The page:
The historian finds a novel way to relax after dodging a row at the Hay festival
BLOOD AND SOIL
In the past seven days I’ve taught my last class of the year at Harvard, I’ve (nearly) marked my final paper and – nomad that I am – I’ve kicked the Massachusetts earth from my feet and started my travels.
First stop was the velvet-green hills of Hay-on-Wye. Last year, thanks to torrential rain, the literary festival was more like Glastonbury for bookworms than the Woodstock of the mind (as Bill Clinton famously called it). This year the Welsh soil was baked dry. Hay without wellies is heaven.
It was also a pleasure to discuss the 90th anniversary of the Versailles treaty with the Marxist historian Eric Hobsbawm, who, at 92, is two years older than the treaty and has stood the test of time much better. Although we are poles apart politically, I deeply respect him as a historian.
No doubt some people were expecting a Punch and Judy show – and Andrew Roberts was egging me on to land the first punch. But the communist and the imperialist agreed a good deal more than they disagreed. The fatal flaw of Versailles, we concurred, was the attempt by Woodrow Wilson to draw the map of Europe on the principle of self-determination, whereby states and peoples would be one and the same.
This overlooked the fact that eastern Europe was a heterogeneous patchwork of ethnic, linguistic and religious groups. It also created a contradiction, since applying self-determination consistently would have made Germany bigger than it had been before the first world war.
You only have to spend a little time in the Welsh Marches to see the dangers of idealising the homogeneous nation-state. People move and mingle; you can’t pin blood and soil together.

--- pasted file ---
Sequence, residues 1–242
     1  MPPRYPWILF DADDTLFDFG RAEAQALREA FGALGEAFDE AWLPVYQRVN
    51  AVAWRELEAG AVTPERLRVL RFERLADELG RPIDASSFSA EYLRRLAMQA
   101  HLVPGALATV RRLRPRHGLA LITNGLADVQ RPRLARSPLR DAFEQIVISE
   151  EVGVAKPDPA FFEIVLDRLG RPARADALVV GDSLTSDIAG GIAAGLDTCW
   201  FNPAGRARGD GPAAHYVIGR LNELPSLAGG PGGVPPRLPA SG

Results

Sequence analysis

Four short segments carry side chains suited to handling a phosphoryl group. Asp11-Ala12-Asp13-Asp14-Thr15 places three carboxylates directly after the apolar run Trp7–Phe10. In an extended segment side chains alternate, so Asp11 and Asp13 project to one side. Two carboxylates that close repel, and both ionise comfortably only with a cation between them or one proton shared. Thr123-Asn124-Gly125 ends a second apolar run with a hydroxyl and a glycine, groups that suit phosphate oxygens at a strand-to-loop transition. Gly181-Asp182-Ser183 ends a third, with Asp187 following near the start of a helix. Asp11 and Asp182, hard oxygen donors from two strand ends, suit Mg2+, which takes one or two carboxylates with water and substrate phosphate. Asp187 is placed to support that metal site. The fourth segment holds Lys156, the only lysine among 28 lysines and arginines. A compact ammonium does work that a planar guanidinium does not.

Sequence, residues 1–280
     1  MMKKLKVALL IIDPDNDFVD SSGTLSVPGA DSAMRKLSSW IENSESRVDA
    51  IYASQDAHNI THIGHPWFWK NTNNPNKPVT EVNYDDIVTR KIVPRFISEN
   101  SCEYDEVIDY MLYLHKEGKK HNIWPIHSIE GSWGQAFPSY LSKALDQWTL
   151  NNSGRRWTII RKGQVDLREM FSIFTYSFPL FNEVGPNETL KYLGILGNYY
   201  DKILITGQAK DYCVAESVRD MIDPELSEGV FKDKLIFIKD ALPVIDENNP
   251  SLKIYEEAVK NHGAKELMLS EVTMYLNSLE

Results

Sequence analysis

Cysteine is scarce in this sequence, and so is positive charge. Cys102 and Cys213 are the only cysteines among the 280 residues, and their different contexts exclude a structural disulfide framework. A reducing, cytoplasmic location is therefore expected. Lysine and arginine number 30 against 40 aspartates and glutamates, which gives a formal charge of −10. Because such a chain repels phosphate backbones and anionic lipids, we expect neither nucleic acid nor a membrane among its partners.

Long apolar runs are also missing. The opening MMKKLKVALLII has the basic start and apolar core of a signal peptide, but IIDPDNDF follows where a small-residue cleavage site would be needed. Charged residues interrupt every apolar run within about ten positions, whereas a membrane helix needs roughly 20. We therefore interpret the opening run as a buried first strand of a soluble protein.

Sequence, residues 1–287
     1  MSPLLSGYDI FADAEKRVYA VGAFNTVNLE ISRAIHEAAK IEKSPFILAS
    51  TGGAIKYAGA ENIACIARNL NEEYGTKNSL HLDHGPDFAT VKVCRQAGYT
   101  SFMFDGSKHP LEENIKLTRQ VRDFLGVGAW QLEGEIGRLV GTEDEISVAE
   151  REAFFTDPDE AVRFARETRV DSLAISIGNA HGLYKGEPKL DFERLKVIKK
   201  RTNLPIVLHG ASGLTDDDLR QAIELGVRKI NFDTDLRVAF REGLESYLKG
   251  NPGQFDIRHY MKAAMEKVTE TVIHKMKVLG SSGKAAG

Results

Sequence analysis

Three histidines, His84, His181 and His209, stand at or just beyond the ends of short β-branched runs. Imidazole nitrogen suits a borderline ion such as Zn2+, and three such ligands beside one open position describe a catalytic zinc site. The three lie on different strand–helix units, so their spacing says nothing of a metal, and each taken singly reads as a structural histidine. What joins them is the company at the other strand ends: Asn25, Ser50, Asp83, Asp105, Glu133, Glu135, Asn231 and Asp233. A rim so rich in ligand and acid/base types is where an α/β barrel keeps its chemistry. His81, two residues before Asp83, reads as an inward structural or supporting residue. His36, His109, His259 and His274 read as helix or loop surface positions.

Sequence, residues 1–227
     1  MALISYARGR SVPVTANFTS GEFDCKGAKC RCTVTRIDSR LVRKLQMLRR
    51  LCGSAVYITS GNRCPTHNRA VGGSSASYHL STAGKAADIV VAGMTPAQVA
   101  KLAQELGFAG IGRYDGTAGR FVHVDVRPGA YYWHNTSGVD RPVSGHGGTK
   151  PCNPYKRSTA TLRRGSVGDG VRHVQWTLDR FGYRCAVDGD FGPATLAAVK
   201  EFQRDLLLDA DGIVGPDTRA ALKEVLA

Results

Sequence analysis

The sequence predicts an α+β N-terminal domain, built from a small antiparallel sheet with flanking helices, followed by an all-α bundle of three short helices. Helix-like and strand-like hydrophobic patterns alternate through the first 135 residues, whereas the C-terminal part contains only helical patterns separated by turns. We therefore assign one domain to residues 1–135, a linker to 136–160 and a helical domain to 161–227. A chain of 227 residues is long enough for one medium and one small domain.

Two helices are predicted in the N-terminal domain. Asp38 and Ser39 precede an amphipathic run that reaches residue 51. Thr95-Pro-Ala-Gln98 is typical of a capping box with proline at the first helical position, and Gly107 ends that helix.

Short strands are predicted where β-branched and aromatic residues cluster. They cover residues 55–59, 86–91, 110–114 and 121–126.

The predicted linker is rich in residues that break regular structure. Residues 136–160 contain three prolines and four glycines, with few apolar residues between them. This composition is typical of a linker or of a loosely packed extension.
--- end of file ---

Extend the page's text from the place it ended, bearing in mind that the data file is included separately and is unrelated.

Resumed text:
I TAKE THE PLUNGE
There’s a limit to how much literary blather I can stand, especially when I’m the one doing half the blathering.
So the sight of the River Wye glinting under evening sunlight was irresistible. I was supposed to be behaving myself at a drinks party thrown by one of the festival’s founding sponsors, but rounded up a small group of like-minded outlaws and we all plunged in.
Like Roger Deakin, the author of Waterlog, I know of few pleasures that match a plunge into wild, untamed water. Chlorinated pools are to swimming what decaff is to breakfast – there’s just no kick. My rule is never to let an outdoor swimming opportunity slip, whether in the sea, a lake or a river. Detractors may call that exhibitionism; I call it the zealotry of a fanatical water-worshipper.
Among the wild swimmers was a film-maker who had infiltrated the book-scribblers. I can highly recommend When the Road Bends: Tales of a Gypsy Caravan, a film directed by Jasmine Dellal, which takes a global look at Romany culture. At a time when economic crisis in central and eastern Europe is increasing the perennial antagonism towards the Roma people, it’s a joy to hear their extraordinary, spine-tingling music.
On Wednesday I found myself back in New York, debating the future of gold with the advisory board of one of the world’s great gold-mining companies. Could gold make a comeback as a hedge against inflation? More and more people believe the world’s central banks are in competition to see who can print the most paper money – with the Federal Reserve in front by about a trillion dollars.
Maybe the future really is golden, provided that the central banks don’t decide to sell some of their great hoards. If you’d sold your shares and bought gold in 1968, your investment would have gone up 20-fold in the following 12 years. If you’d stuck with shares, even taking dividends into account you’d have only doubled your money. If, as I begin to fear, we’re rerunning the 1970s for fear of returning to the 1930s, it may be time to go for gold before the price of an ounce goes above $1,000.
CURSE OF THE BLOGHEADS
Not everyone agrees with me about the double danger of printing money and excessive deficits. In recent weeks I’ve been derided for my “dark age” views by Paul Krugman, a Nobel laureate and dedicated Keynesian, in his blog. I never blog back. I have a theory about the origin of the word “blog”. It goes back to Samuel Johnson, who said (more or less): “No man but a bloghead ever wrote, except for money.”
Niall Ferguson is the Laurence A Tisch professor of history at Harvard. His latest book, The Ascent of Money, is published in paperback this week by Penguin